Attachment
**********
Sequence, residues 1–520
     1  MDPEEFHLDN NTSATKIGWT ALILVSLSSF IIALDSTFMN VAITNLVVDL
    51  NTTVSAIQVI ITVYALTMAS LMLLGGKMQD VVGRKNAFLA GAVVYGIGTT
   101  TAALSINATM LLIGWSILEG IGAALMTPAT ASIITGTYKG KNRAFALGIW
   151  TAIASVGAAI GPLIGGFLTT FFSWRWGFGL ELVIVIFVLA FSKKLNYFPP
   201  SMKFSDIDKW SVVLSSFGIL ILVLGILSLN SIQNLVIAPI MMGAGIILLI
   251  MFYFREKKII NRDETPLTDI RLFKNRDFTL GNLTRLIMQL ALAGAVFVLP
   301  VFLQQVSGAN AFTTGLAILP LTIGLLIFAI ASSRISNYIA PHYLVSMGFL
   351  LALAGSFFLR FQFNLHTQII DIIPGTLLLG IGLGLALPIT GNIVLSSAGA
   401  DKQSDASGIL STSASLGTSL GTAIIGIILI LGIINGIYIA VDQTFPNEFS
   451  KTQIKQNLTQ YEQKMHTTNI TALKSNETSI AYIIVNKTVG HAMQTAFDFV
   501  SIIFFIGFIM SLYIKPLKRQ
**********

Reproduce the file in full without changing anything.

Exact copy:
Sequence, residues 1–520
     1  MDPEEFHLDN NTSATKIGWT ALILVSLSSF IIALDSTFMN VAITNLVVDL
    51  NTTVSAIQVI ITVYALTMAS LMLLGGKMQD VVGRKNAFLA GAVVYGIGTT
   101  TAALSINATM LLIGWSILEG IGAALMTPAT ASIITGTYKG KNRAFALGIW
   151  TAIASVGAAI GPLIGGFLTT FFSWRWGFGL ELVIVIFVLA FSKKLNYFPP
   201  SMKFSDIDKW SVVLSSFGIL ILVLGILSLN SIQNLVIAPI MMGAGIILLI
   251  MFYFREKKII NRDETPLTDI RLFKNRDFTL GNLTRLIMQL ALAGAVFVLP
   301  VFLQQVSGAN AFTTGLAILP LTIGLLIFAI ASSRISNYIA PHYLVSMGFL
   351  LALAGSFFLR FQFNLHTQII DIIPGTLLLG IGLGLALPIT GNIVLSSAGA
   401  DKQSDASGIL STSASLGTSL GTAIIGIILI LGIINGIYIA VDQTFPNEFS
   451  KTQIKQNLTQ YEQKMHTTNI TALKSNETSI AYIIVNKTVG HAMQTAFDFV
   501  SIIFFIGFIM SLYIKPLKRQ